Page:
1887

Abstract

Epstein–Barr virus (EBV) establishes a lifelong latent infection in B lymphocytes and often is found in epithelial cells. Several lines of evidence indicate that viral transmission mediated by cell-to-cell contact is the dominant mode of infection by EBV for epithelial cells. However, its detailed molecular mechanism has not been fully elucidated. We investigated the role of host membrane trafficking machinery in this process. We have found that adhesion molecules critical for this process are expressed in EBV-positive and -negative Burkitt’s lymphoma (BL) cells and multiple epithelial cell lines. Treatment with blocking antibodies against β1 and β2 integrin families and their ligands suppressed EBV transmission in a dose-dependent manner. We also confirmed that adhesion molecules are upregulated in co-cultured BL cells. Immunofluorescence staining revealed that the intracellular adhesion molecule 1 (ICAM-1) distributed to the cell surface and partially co-localized with recycling endosomes in co-cultured BL cells. Moreover, cell-to-cell EBV transmission was inhibited upon blocking endocytic recycling by expression of a dominant-negative form of a small GTPase Rab11 or by knockdown of Rab11, supporting the notion that the endocytic pathway-dependent trafficking of ICAM-1 to the cell surface of BL cells contributes to viral transmission by stabilizing cell-to-cell contact between the donor cells and recipient cells. Finally, we demonstrated that co-cultivation upregulated clathrin-mediated endocytosis in the recipient cells, allowing EBV to be internalized. Taken together, our findings demonstrate that EBV exploits host endocytic machinery in both donor and recipient cells, a process which is facilitated by cell-to-cell contact, thereby promoting successful viral transmission.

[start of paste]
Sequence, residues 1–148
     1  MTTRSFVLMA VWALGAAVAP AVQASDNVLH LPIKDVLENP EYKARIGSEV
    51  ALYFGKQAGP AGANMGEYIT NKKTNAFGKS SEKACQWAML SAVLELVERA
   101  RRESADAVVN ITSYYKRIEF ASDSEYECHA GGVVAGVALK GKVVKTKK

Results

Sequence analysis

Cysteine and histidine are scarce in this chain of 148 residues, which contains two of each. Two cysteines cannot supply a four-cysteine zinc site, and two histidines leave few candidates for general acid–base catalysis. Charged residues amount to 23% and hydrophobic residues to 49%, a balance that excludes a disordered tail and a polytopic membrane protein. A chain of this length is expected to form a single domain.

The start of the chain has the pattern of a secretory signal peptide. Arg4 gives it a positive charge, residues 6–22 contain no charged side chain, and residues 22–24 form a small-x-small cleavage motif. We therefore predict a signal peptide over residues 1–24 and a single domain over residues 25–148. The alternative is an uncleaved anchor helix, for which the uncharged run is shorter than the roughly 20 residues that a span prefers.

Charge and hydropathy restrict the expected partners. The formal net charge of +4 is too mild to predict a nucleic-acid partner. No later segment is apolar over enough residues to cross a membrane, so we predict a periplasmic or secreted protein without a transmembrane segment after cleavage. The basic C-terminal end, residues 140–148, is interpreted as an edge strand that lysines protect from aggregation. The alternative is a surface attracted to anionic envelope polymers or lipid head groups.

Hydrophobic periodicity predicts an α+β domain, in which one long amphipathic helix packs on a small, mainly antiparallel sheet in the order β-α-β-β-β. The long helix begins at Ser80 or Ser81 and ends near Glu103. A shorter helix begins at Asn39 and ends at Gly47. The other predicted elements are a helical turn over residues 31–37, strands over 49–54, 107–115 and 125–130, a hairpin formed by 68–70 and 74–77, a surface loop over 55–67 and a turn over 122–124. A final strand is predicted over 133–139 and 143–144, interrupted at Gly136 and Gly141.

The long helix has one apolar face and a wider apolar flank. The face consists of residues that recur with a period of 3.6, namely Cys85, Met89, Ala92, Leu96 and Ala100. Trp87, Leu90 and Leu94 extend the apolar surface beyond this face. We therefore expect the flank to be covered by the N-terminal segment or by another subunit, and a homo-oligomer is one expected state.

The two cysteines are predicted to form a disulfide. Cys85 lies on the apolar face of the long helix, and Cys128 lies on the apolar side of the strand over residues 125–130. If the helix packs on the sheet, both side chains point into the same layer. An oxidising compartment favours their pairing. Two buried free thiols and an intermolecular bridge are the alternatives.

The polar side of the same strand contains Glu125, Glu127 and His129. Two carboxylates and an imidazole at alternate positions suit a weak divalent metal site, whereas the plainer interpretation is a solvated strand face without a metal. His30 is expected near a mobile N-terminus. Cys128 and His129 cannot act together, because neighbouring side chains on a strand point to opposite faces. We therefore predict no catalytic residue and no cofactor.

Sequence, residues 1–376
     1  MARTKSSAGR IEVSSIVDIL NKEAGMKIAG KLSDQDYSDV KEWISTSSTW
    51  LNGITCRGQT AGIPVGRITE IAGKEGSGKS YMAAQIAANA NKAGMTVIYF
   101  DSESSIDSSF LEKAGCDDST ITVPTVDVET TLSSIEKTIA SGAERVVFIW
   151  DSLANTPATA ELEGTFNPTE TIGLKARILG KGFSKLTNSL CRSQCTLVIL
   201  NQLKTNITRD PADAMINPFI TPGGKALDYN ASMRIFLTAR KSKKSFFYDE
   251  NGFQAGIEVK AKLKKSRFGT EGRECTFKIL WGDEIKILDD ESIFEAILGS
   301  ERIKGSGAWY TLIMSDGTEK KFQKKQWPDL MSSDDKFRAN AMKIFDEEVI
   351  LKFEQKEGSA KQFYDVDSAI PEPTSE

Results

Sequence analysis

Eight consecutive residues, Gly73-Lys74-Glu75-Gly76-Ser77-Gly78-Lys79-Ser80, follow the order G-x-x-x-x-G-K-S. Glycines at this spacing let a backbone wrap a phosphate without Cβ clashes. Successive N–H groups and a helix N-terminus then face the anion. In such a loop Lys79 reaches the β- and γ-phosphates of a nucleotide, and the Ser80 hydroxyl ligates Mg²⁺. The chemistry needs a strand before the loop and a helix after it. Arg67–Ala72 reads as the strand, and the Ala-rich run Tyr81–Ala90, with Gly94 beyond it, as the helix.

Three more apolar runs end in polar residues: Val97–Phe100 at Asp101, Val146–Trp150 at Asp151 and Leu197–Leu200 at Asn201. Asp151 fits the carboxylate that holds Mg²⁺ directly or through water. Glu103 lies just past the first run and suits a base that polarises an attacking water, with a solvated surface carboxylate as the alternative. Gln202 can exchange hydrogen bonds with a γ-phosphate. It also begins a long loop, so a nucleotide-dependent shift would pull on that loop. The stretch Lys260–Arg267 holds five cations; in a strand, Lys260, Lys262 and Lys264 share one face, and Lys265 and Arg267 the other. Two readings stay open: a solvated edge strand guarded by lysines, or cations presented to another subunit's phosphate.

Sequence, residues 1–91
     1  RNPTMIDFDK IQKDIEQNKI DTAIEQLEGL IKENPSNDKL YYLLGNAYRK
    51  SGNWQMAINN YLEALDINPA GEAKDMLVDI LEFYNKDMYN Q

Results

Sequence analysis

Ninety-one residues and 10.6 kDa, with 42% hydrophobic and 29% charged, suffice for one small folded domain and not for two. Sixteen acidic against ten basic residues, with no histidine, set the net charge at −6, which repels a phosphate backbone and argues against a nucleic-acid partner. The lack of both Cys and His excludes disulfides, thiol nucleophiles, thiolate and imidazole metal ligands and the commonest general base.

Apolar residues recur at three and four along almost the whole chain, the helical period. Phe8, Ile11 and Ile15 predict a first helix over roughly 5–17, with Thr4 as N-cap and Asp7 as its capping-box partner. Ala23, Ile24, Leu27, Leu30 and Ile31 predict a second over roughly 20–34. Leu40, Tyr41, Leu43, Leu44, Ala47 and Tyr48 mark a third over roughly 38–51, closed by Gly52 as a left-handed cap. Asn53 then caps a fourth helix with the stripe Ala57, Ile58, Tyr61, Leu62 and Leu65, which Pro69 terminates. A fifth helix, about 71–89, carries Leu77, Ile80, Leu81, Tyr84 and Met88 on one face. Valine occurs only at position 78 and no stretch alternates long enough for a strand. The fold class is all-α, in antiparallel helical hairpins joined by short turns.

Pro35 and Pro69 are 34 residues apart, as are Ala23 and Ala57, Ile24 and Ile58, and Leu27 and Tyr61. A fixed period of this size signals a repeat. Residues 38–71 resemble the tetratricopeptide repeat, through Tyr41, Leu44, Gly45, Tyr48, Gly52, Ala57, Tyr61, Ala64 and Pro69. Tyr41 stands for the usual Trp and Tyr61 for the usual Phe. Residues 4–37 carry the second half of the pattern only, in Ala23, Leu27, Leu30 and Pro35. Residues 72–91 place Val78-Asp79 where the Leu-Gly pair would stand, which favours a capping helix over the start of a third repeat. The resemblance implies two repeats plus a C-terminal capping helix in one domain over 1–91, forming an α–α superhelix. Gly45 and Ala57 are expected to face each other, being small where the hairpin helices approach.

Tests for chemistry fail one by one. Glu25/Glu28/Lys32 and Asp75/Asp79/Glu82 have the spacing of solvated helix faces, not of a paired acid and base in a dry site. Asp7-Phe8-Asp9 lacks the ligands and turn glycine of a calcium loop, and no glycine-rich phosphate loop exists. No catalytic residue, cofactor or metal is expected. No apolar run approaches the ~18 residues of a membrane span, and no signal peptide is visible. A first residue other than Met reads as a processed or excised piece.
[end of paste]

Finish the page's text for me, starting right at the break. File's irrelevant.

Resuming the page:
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2016-11-10
2019-10-23
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